Saturday, November 22, 2008

Riding Circles in the Sand

Murphy's Law reigns again.

There was a giant hole on the left side of the start line.
It was a ditch.
Hidden by a small berm.
When the gun went off, so did T.
Full speed ahead.
Then a frantic sudden hard-as-nails braking to a sudden stop just short of the ditch.
Leaving T in last place.
Not the best way to start a race.

It was a race of ditches.
Another ditch was not quite small enough to bunny hop, but not wide enough to ride easily. One foot drop off, two foot width, one foot rise. T hit this one full speed ahead, endo'd, came out of the pedals, and somehow landed on his feet running while his bike got left in the ditch. He said later at one point he saw 3 out of 4 riders go over their bars there. Eventually people just started hopping off their bikes and running it.

On lap three T got a flat.
Kind of the theme for this years 'cross season.
He finished the lap, grabbed his pit bike, worked hard, and ended up something like 14 places out of the money.
Not even a point-is-a-point-is-a-point (thanks DC) for this race.
But, as always, he had fun, "Riding circles in the sand at the Bosque school."

Next week is San Francisco for Thanksgiving and family, then the following week is the cyclocross state championships.

Tomorrow we're taking a break for some non-aerobic fun, rock climbing and cheering on the Outlaws at IMAZ.

Go everyone!

Friday, November 14, 2008

Cyclecross and a Veterans Day Salute

Last weekend was a double header for T: A cyclocross race Saturday at Mesa Del Sol, followed on Sunday by a race in Santa Fe.
Even though it is the off-season, T puts out more excitement and verve for 'cross than he does for anything else.
As he puts it, "It's the most fun you'll ever have on a bicycle."
Although this year, his 'cross efforts are sharing the stage with our re-budding rock climbing skills, as well as jockeying side by side with school, life, and all that jazz....

Cyclocross racing is a little different than triathlon. Due to the nature of the beast, T always brings a second bicycle which he leaves in "the pit," a designated zone for changing bikes and wheels.

For the Mesa del Sol race, he pre-rode the course on his pit bike--and his pedals broke, allowing him to still clip in, but only if the pedals were in a certain position. Still, he placed the bike in the pit as a back up. On lap two of the race, he flatted and rode the entire 3rd lap with a flat. Here is the race in his own words:

"I flatted on lap two, rode the third lap with a flat, lost two positions, switched bikes in the pit, immediately made up two positions, crashed in a loose, sandy corner because my tire pressure was too high (it's the bike he uses for commuting), lost two positions, kept crashing and had a hard time clipping in while racing, barely hung on, and finished in 10th place--just inside the points."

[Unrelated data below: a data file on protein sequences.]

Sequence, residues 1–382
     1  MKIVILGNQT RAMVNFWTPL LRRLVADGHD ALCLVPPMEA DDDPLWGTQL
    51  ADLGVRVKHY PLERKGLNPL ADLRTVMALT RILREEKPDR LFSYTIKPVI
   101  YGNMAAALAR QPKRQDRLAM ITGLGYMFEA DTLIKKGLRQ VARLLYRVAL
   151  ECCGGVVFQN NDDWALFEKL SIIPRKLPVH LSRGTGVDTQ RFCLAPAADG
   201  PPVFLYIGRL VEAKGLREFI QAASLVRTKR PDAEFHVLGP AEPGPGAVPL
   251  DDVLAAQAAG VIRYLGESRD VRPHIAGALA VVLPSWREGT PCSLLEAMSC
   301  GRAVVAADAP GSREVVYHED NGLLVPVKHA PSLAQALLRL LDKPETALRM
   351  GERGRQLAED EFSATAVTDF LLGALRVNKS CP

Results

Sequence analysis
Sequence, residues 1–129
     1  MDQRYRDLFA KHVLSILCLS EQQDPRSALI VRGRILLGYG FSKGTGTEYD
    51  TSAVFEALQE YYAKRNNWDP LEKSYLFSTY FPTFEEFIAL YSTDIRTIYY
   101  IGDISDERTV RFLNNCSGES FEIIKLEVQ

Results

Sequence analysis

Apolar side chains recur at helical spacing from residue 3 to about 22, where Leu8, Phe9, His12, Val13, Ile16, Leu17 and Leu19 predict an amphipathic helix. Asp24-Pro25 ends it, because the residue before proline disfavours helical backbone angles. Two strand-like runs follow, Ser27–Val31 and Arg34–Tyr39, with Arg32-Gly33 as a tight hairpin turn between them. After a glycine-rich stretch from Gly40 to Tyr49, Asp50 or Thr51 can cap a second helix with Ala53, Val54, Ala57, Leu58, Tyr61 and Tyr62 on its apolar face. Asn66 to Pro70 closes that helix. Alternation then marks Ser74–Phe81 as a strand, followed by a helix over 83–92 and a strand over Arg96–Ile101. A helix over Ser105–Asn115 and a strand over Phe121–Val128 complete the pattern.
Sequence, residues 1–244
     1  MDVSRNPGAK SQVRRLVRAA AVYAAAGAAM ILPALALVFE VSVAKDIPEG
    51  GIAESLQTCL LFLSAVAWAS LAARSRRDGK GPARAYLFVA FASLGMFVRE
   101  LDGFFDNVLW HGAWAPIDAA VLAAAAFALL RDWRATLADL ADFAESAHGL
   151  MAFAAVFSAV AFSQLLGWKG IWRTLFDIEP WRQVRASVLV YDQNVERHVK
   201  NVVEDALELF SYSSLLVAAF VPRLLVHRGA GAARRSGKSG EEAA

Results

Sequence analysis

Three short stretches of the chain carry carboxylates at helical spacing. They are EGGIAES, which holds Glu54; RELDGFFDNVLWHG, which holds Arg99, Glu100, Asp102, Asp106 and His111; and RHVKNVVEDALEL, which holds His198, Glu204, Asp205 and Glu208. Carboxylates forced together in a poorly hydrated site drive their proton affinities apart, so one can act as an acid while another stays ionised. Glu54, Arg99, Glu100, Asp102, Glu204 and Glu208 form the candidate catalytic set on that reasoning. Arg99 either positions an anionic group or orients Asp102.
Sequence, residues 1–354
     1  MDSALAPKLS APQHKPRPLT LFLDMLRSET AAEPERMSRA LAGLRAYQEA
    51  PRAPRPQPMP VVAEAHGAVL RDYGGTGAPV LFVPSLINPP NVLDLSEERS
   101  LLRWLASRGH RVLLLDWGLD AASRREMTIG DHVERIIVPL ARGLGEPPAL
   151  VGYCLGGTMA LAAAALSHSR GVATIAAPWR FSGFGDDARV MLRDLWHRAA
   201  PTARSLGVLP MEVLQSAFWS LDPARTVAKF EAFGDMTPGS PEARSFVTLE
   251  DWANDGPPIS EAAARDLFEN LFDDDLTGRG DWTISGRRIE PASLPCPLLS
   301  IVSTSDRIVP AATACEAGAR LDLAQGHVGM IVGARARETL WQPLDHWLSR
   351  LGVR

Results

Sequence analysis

With all of that, he actually did not finish last.
And, gained a point for the series.
Pretty big effort, if you ask me.

The next day, we drove up to Santa Fe for a late starting race at Fort Marcy.

As T was getting ready for warm up, we heard that a Veterans Day parade was about to start just up the street.

Since I had already planned on going for a short run before settling in to watch the race, I ran out to take a look.

This was the start of the parade.

I loved it's homegrown nature.

That was one heck of an organized fire crew.

The veterans bring tears to my eyes, for the stories they carry inside and the paths of their lives. Through work, I met one man who spanned 3 wars. He was 99 years old and had lied about his age as a teenager. He remembered the kindesses of an enemy boy who saved his life. Another spoke of hand to hand combat--and had bayonet scars to show for it. So many. WWII, the Bataan Death March, Vietnam, Korea, the Gulf and current war.

When T was gone, I received a home quilted Blue Star from the local chapter. For some reason it meant a lot to me, I think because of the historical context, the significance and recognition of family, as well as the link to so many others who knew what it felt like to have someone in combat. That blue star still hangs in T's study. It's a bit hidden, so I don't even know if he knows it is there...

This was my favorite. My camera stuck so, unfortunately, I didn't get the whole group.

I didn't know the police had a 'vette. Now, who do you suppose gets to drive that?

The end of the parade.

After the parade, I went for a short run, then settled in to watch T in action. This was the first cyclocross race to be hosted in Santa Fe. A lot of new and fast faces showed up. The competition was deeper than usual, the racing was hard, but the course was "really fun." This year, the race was a shot at a new venue, but, already, the Santa Fe Police Department has volunteered to sponsor the race for next year.

T leading a chase pack

Snaking through an S-curve in the dirt.

Taking it up the steps

Gaining speed and getting ready to jump onto the bike

A tired T at the finish.

T's comment at the end of the weekend was "that was an awful lot of effort for one measly point, but that was fun."

He's getting ready for another double header next week, one under the full moon in Tijeras, the other at The Academy. Meanwhile, we'll be hitting the climbing gym, and, oh yeah...more yoga!

Wednesday, November 12, 2008

How to Be Competitive At Yoga

Yesterday, T and I decided to try a yoga class.

The yoga class came as an extra benefit for membership at the local rock climbing gym.

Since I am up for anything that is "extra benefit," and since we were planning on going to the rock gym anyway, we decided to give it a whirl.

When we got there, the gym was REALLY crowded. It looked like there were about 100 people. Every wall was taken except for the really hard stuff. The really hard stuff, is REALLY HARD, and has climbs where you hang up side down and traverse upside down under and across the roof of the gym--but even that had some people on it.